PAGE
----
Kneecap instability is problematic, and in some situations, I recommend a ligament reconstruction to help stabilise the joint. This procedure is called a Medial PatelloFemoral Ligament (MPFL) reconstruction. The procedure is minimally invasive, meaning smaller incisions, less scarring and less post-operative pain. Minimally invasive procedures also facilitate early rehabilitation and a faster recovery.
The surgery involves taking a graft from one of your hamstring tendons (gracilis tendon) and using it to reattach the inside of your kneecap (patella) and thigh bone (femur). The graft bridging the two bones helps to prevent the knee cap from dislocating to the outside of the knee again.
MPFL Reconstruction: Day of Surgery
You will be admitted to hospital on the day of surgery. My assistant will provide you with your admission time and fasting instructions prior to your arrival.
MPFL Reconstruction: Post-Operative Care
Most patients are discharged from hospital after an overnight stay. We place your knee in a brace at the completion of surgery, and the staff at the hospital will help to show you how to put it on and take it off as needed.
Brace usually stays on at all times (including sleeping) for at least two weeks, aside from times where you are practicing ‘range of motion’ exercises.
Crutches are used when mobilising for a variable amount of time. You can progressively increase the amount of weight you put through your operated leg as your comfort allows.
Range of motion
Knee stiffness does not tend to be a problem after this procedure, although It is advisable to perform some light bending and straightening exercises 3-5 times a day.
Ice, elevation and compression
Aim to elevate your knee (above the level of your heart) frequently, and ice your knee every two hours in the initial few days after surgery. You will have a compression bandage placed on your knee after surgery to help with swelling – this can be removed as necessary for icing.
MPFL Reconstruction: Wound Care
If the dressings remain dry there is no need to replace them, and at the two-week post-operative check I will remove them and check your wounds. If a dressing does become wet or need replacing, simply remove it and replace with a new one.
MPFL Reconstruction: Pain Relief
Regular paracetamol and anti-inflammatory medication (if indicated) are the primary sources of pain relief post-operatively. You will be given some stronger medications which can be helpful in the early post-operative phase.
MPFL Reconstruction: Follow Up
I will review you in the rooms approximately two weeks after surgery. If you are unsure of your follow-up appointment, please call my assistant on 08 9212 4292 to confirm.
Ice the knee regularly and elevate the leg to help reduce swelling. Aim to re-establish a normal walking cycle. Physiotherapy during this phase is helpful to restore muscle and joint function. Once your knee feels stable you can start to walk short distances without the brace. You can commence some light swimming with a pool buoy between your legs and gentle stationary bike riding can be started.
During this phase you will work on building your thigh muscle strength, joint stability and confidence in the knee.
3 months plus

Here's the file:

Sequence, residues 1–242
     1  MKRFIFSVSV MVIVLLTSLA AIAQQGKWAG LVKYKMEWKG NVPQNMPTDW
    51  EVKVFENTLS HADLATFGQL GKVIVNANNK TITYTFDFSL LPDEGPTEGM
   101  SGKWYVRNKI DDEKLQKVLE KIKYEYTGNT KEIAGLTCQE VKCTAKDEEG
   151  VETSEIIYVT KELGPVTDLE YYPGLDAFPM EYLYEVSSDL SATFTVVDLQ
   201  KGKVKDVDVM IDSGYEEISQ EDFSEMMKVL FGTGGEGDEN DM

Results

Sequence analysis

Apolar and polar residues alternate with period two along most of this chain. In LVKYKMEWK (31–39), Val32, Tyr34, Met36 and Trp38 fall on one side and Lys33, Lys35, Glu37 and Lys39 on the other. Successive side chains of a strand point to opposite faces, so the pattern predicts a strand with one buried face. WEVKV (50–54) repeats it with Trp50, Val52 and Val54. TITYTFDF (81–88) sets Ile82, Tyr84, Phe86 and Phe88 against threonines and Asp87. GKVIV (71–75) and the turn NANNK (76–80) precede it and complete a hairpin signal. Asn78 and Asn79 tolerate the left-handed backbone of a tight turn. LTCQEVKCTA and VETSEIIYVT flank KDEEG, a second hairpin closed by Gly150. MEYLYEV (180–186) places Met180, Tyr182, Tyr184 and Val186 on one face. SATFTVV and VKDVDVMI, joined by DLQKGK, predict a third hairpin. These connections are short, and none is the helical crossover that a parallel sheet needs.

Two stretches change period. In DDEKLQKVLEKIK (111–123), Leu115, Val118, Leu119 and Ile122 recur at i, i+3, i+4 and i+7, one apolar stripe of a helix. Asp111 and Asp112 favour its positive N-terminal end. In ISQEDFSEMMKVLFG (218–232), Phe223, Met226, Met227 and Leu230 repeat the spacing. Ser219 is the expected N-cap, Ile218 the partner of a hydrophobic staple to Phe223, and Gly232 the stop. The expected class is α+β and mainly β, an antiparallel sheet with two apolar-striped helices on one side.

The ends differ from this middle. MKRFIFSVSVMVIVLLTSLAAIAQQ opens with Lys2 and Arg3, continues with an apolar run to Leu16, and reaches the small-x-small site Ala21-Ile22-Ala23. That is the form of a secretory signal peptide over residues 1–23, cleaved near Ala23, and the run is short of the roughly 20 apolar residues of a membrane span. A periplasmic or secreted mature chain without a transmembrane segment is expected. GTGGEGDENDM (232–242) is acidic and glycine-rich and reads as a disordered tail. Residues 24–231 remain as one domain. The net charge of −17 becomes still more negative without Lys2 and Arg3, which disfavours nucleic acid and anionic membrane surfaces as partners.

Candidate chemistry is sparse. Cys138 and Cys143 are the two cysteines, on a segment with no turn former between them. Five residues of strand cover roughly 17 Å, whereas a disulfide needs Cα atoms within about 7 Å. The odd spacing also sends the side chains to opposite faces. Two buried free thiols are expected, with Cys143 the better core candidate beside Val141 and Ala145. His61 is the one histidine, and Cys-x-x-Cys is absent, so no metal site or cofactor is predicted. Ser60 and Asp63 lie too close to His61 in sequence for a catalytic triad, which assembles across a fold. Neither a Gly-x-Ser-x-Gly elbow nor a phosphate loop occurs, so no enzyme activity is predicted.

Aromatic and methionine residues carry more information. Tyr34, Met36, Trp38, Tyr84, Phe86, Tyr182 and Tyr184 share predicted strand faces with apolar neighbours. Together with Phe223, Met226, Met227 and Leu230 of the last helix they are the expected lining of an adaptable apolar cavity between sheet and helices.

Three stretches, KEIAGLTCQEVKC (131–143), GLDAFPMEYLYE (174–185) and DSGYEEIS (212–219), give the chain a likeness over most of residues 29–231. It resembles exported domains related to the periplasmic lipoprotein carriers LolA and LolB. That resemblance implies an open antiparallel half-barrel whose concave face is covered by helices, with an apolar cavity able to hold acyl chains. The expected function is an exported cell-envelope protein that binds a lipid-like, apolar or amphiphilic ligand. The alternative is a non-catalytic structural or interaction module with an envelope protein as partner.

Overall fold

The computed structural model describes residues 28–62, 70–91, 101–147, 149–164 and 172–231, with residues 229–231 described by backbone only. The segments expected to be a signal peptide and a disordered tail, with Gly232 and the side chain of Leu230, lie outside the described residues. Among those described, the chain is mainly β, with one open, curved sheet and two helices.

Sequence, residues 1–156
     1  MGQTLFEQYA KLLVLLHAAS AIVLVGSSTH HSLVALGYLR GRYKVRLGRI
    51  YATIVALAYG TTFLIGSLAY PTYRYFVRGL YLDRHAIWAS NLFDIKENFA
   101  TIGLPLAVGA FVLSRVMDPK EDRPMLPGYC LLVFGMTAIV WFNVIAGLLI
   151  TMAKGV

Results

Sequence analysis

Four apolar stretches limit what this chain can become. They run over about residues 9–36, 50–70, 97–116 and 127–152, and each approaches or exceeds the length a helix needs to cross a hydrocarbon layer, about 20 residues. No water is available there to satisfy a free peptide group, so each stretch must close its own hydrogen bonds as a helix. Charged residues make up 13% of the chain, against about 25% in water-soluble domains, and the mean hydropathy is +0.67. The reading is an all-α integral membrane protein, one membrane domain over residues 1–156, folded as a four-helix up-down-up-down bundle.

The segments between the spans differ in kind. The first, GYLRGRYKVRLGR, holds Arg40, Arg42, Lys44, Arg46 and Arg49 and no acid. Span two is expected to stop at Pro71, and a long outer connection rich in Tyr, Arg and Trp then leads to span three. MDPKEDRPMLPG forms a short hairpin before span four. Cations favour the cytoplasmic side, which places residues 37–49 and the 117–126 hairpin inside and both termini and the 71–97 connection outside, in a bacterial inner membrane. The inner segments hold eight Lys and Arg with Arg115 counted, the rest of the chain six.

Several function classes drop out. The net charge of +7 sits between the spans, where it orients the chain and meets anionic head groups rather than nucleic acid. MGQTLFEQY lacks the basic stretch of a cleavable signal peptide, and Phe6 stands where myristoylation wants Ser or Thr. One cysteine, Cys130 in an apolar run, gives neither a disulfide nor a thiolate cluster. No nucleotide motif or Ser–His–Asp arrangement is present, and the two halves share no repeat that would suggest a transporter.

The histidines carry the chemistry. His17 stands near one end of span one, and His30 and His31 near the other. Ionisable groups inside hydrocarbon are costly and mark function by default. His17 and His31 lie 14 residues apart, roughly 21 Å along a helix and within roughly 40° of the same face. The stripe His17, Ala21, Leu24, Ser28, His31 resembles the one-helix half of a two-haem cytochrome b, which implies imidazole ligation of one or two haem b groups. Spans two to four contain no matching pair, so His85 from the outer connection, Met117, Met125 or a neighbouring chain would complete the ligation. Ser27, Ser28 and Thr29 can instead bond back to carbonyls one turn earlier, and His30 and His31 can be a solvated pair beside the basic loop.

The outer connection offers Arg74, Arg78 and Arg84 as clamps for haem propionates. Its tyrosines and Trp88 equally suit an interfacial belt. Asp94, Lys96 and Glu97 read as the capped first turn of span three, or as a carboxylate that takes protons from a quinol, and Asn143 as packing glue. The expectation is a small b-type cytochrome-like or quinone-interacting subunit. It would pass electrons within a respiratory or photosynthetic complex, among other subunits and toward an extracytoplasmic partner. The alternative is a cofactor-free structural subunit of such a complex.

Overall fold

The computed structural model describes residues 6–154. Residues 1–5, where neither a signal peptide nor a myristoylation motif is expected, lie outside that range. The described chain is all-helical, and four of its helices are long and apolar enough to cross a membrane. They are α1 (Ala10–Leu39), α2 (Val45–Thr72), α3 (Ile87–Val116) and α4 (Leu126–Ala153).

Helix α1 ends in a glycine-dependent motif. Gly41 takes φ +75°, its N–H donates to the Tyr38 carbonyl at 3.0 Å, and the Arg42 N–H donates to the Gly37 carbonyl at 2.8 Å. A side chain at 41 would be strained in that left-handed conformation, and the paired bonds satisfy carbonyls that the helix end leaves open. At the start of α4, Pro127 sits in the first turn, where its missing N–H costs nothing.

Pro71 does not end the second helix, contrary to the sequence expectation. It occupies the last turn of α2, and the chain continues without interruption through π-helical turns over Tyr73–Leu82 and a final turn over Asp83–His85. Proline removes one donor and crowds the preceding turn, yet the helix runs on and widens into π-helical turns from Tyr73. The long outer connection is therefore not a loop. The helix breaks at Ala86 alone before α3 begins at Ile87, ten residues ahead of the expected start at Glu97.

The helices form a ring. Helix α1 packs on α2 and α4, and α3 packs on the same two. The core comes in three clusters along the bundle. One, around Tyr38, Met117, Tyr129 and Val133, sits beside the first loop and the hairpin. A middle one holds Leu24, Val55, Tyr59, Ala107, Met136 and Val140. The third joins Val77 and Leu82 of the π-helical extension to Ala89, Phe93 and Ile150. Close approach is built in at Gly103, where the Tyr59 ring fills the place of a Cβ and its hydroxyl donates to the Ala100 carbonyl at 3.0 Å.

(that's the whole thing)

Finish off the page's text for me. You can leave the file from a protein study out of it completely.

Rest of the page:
Exercises will increase in intensity at this time.
MPFL Reconstruction: Return to Sport
Each sport is specific, and we will discuss your expected return to play prior to surgery. In general, I aim for return to full participation in sports between 3 and 6 months.
MPFL Reconstruction: Driving
You can return to driving when you are walking comfortably unaided and have regained good control of your knee. In general this is a minimum of two weeks.
MPFL Reconstruction: Return to Work
I would advise taking at least the first two weeks after surgery off so you can rest, elevate your leg and get comfortable. For those doing heavy work, return to work can take between 6 and 12+ weeks, depending on the nature of work.
MPFL Reconstruction: Problems
Donor site pain
Discomfort at the back of the thigh where the hamstring tendon was harvested is common and will generally settle in the first 2-4 weeks.
Superficial Infection is not very common but can occur. It usually presents as redness and increased pain around the wound, and generally resolves with a short course of antibiotics.
Deep infection is rare and requires admission to hospital. Surgical ‘washing out’ of the knee and high-dose antibiotics administered intravenously are commenced as soon as possible.
Knee joint infection usually presents between 5 and 10 days post-operatively, with increased, increased swelling and a marked decrease in your range of movement.
If you are concerned about an infection, please contact me as soon as possible. During business hours the best point of contact is via my assistant on 08 9212 4292. After hours, please contact the hospital where you had your surgery, and ask them to get in touch with me. Failing this, go to your local Emergency Department for review.
Numbness may be experienced in the days following surgery. The risk of long-lasting numbness is very low with this surgery.
Foot and Ankle Swelling
Foot and Ankle Swelling may occur post-operatively. It generally reflects the effects of gravity on the swelling around your knee. If you have severe foot and ankle swelling, remove your compression bandage, elevate your leg above your body and ice your knee.
Re-injury is unusual in the early post-operative period. However, accidents happen, and if you are concerned your knee should be checked. Please contact my rooms if you have any concerns and we can organise a review.
If you are having trouble with knee instability, please make an appointment to discuss your treatment options.